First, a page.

One of the earliest lessons we were all taught in school is that Columbus proved the world is round. It has taken New York Times writer Thomas Friedman to popularize the idea, in his best-selling book, that today’s world is figuratively flat – that people the world over have the same aspirations and capabilities, and can achieve them anywhere in the world through digital and electronic technology that makes the “playing field” flat and level for everyone.
Recently I’ve had the opportunity to speak to managing partners of large law firms in Canada. What I heard at these conferences illustrates the difference between winners and losers in today’s flat world:
- In Montreal the former Canadian ambassador to the United States mentioned that Microsoft has set up a new software development center in Vancouver, British Columbia. These were jobs that Microsoft outsourced to itself from its Redmond, Washington headquarters. Why Vancouver? The Canadian location allows the company to recruit more skilled programmers from other countries because Canadian immigration laws for technical professionals are less restrictive than those in the U.S. And Vancouver will be a self-contained operation, by-passing the restrictive U.S. laws that inhibit Redmond personnel from freely crossing back and forth over the border.
- I also heard about another cost disadvantage the “Big Three” Detroit automakers face. These companies move components back and forth between their American and Canadian plants. Every time they do, the customs duties, the delays and inefficiencies caused by the border crossing adds to the final vehicle cost – to a tune of $600 to $800 per car.
- Canadian lawyers told me that they deal with foreign legal issues far more often than their American counterparts. Almost every managing partner of medium and large Canadian law firms said that their firms regularly interact with the European Union, international tribunals and foreign trade regulations. They are surprised at how little most lawyers in the U.S. work with and understand these issues.
In their defense, American law firms generally are not completely oblivious to today’s new flat world. The best example is that lawyers are starting to apply the flat world lesson by expanding their use of outsourcing and delegation to lower their cost of operation and thus increase their profit. Even sole practitioners and small firm lawyers can effectively use this principle. Internet technology can connect U.S. law firms to the growing pool of highly educated talent in countries where the use of English is widespread, with India being the prime example. Such offshore legal service providers can reduce by up to 80 percent the cost of such legal services as transcription, data entry, legal research, document review and patent searches. But, this is still the exception rather than the rule and many lawyers continue to resist the way that global technology flattens the cost of legal service. They do so at their peril because it ignores what their clients want.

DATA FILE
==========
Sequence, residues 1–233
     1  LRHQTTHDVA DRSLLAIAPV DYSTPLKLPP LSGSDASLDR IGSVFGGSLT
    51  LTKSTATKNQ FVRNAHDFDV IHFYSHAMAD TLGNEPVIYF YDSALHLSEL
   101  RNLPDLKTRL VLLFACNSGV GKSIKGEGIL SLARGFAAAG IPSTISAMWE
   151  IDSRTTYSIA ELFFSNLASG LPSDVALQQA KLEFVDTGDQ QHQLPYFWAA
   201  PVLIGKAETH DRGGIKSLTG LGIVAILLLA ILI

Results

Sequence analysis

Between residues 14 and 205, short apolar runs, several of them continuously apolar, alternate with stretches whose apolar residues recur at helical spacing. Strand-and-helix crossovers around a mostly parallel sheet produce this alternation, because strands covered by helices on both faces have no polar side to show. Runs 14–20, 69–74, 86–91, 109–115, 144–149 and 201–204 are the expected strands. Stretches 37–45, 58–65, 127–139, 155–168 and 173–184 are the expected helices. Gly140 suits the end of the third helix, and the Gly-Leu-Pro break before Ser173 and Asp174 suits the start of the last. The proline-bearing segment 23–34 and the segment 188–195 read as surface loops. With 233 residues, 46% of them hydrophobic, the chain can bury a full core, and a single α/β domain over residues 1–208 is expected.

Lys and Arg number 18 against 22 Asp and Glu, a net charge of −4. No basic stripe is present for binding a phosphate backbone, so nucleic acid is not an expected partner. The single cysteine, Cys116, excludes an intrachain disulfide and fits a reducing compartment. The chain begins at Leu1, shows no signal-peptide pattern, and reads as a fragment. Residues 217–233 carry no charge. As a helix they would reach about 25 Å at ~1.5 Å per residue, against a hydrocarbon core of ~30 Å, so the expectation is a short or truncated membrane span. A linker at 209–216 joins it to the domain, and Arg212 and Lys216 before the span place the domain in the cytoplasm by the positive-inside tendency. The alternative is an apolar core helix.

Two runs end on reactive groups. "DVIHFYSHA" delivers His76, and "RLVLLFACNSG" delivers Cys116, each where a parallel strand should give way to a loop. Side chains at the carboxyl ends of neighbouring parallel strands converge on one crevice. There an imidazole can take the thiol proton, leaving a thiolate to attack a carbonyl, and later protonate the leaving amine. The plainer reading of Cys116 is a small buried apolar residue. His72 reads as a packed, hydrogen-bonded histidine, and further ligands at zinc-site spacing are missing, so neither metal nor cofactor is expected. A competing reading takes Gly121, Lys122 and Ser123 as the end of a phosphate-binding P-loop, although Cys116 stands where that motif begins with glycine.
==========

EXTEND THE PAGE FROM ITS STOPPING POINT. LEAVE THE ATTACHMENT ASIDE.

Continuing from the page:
For example, General Electric’s aircraft sales force negotiates deals around the world. They submit purchase contracts to their prospective customers. When terms or the words of the contract need to be changed to meet customer requests, the sales force formerly had to send the proposal back to GE lawyers for review and change. This process often took weeks and sometimes resulted in lost sales. That is, until now. GE has created a “tool kit” of clauses available on the company’s extranet for use by its sales force to address situations just like this. Allowing the sales force to make contract changes has apparently saved GE $12 million in legal fees as well as increased the speed of the negotiation process and their “closing” rates. As a result, GE’s sales have increased.
Think this is just an isolated phenomenon for one of the world’s largest companies, and not something that affects the typical lawyer? What about “Do-it-yourself” Web sites that offer advice, research and forms in such areas as family law, probate, real estate closing, even filing a patent? Clients and potential clients live their lives at Internet speed, and increasingly have little patience for the pace (and cost) of traditional lawyering.
Consider another example. Each year the American Bar Association’s Legal Technology Resource Center releases a Legal Technology Survey to assess how lawyers in private practice are using technology in law offices. As reported in Law Technology News, the new survey asserted that only 11.7 percent of lawyers use trial technology. Earlier surveys have given similar low usage rates for case management software (18 percent) and document assembly software (30 percent). Lawyers contended that they distrust new technology and are overwhelmed by too many choices.
I have surveyed law firms regarding their technology practices, and found that while the majority of large law firms upgrade their computers and software every two to three years, many small firms and sole practitioners go as long as six years between upgrades. They cite cost; time to learn and implement the new technologies; and lack of certainty that new technology will increase efficiency and work quality. None of these reasons is sufficient to clients who conclude that a firm’s outdated technology makes its costs higher, and its representation less competent.
Change continues to happen slowly in the law – precedent (stare decisis, in the language of 2,000 years ago) is still a fundamental driver of what we do. Some lawyers will refuse to recognize that the world is flat and continue to cling to the ways and practices of the past. These lawyers soon won’t have to worry about keeping up – because their practices will disappear as clients go elsewhere for service in today’s new, flat world.